Thats exactly what happened, time and redundant elements caught up with them and B&M had more exciting inversion elements.
So what's my point? The point is that we've been riding the same B&M elements for a good 10 years now. How many flat spins and cobra rolls do I have to sit though untill I get sick. I'd really like to see something like the first inversion of the Batman side of The Chiller on a B&M rather than a Cobra Roll.
Anyway, if B&M doesn't change their designs(and maybe these design elements are what the parks want) they will follow in Arrows footsteps............maybe they'll go out with a bang and bring us their own "X" to the midwest.....then again, remember Arrows pipeline design....
I think they need to try some of the crazy elements in floorless coasters like on Storm Runner.
Even so, they are the leader in looping rides, and they have a good safety record, and the rides are fun, and they've had steady business over the years.
Some of Arrow's coasters became unrideable. I know of only 2 B&Ms that are basically unrideable. They're both standups.
B&M is the ONE coaster company that will be with us for the long haul.
IMHO the reason for B&M's dominance over Arrow is due simply to B&M having the superior product. There was nothing stopping Arrow from offering a dive loop, immelman, batwing, cobra roll, zero-g roll, or any other inversion that B&M made popular. Compare the design of Arrow's wheel assemblies and their track manufacturing techniques versus that of B&M and you have two good reasons why the Swiss do it better.
Just the way I see it....
Have you ridden any of them? They're engineering masterpieces. Pricey, but so are BMW's and Mercedes. People buy those.
mOOSH's hypercoaster manufacture rankings, based on personal experience:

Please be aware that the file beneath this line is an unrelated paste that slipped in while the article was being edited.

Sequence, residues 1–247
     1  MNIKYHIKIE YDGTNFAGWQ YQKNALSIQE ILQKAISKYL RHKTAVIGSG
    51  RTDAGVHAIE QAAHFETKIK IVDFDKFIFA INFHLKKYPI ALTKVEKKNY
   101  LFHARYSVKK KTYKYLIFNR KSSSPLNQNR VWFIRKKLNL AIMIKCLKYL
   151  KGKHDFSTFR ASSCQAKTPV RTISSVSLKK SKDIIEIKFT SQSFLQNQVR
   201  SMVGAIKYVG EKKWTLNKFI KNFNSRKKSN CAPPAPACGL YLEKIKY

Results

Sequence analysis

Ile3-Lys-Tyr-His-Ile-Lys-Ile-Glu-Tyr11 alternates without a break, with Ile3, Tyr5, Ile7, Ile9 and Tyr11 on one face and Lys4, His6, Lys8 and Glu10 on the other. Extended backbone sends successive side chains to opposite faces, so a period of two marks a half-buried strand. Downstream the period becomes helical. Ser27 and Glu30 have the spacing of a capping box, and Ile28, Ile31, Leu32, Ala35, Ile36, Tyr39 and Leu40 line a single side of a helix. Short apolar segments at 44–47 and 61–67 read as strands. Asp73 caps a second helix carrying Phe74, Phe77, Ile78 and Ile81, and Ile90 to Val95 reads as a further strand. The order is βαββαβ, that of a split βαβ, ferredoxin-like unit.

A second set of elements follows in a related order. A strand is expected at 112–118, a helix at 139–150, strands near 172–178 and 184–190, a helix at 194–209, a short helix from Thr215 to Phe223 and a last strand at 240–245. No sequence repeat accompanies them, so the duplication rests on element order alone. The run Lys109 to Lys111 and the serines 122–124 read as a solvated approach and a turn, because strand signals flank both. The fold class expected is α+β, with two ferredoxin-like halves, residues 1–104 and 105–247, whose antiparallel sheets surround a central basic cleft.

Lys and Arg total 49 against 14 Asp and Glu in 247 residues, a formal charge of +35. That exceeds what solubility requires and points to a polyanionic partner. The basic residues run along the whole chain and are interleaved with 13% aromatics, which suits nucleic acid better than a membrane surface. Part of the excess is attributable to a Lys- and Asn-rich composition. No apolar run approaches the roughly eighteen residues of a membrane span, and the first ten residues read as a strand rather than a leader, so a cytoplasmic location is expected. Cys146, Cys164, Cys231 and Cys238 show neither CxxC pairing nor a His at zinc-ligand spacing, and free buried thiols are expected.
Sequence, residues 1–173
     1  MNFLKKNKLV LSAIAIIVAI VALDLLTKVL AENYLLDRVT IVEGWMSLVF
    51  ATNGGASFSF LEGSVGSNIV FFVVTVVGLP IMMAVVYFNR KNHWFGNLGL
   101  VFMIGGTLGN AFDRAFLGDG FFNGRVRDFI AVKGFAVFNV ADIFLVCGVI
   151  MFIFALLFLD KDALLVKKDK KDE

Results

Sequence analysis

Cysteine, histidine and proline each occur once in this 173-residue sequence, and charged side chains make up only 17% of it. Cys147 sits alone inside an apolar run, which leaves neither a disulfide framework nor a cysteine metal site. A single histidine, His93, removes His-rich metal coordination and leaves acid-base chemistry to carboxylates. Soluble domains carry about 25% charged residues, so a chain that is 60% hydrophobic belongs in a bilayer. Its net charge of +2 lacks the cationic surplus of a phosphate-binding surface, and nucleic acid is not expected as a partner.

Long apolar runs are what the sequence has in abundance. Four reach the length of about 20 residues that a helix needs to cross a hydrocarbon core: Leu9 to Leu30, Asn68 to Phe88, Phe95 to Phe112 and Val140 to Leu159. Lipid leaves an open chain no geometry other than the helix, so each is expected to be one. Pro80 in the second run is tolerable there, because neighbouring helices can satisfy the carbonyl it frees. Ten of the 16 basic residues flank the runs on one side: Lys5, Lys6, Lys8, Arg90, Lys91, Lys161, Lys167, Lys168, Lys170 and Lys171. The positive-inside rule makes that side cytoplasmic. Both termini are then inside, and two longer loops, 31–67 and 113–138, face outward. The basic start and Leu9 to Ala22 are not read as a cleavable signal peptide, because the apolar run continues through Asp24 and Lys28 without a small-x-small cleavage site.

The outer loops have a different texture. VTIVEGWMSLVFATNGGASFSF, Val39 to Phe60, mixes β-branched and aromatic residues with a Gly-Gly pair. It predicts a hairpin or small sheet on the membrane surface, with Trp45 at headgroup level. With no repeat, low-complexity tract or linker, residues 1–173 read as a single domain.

[manufac] - [# ridden]
1. Intamin - 3 [smooth ride, good transitions, excellent air.]
2. Morgan - 2 [high train center of gravity and wheel assembly design leads to the occasional rough transition. Good air.]
3. B&M - 3 [smooth, but often over-engineered into a "forceless" ride with lackluster air, as seen on Nitro and Bull; similar reports also from Silver Star. The ourstanding Apollo seems to be the exception to their rule.]
4. Arrow - 3 [bad transitions made worse by bad wheel assembly design and trains with high center of gravity. Sharp, painful air especially on bunnyhops.]
*** Edited 10/18/2004 10:52:00 PM UTC by Mamoosh***
Raging Bull has plenty of "floater" air throughout its course and the first drop (sitting in the back) has some incredible ejector air.
While they may be forceless to the intensity driven coaster enthusiast, the B&M hypers are very popular with the average park goer.
I think B&M have plenty of ideas for new types of coasters, when the market runs a little dry they will reveal it. You dont price your product high if it isnt desired and I dont see B&M going the way of Arrow since their rides dont give you whiplash.
I'm also a huge fan of Mantis and Kumba - "Beemers" make up most of my favorite coasters, but I just figured based on the rash of complaints from the people around here that B&M had sort of painted themselves into a corner.
Then again, I should know better than to trust the ramblings of an enthusiast ;)
As I've said before, Nitro is a surreal experience. The airtime is different from just about every other coaster I've ever ridden. I wouldn't say it's a forceless coaster, it just treats the rider to a type of airtime that is different from what most enthusiasts are used to.
If I want wild & forceful air, I'll ride a wood coaster- that's what they're for. I want a steel coaster to do something that a wood coaster can't do. Nitro succeeds at that.
Work on a ride built by each of these companies for a summer and watch what daily issues (or lack thereof) arise during each's operation...there's much more to it than just what you see as a guest.
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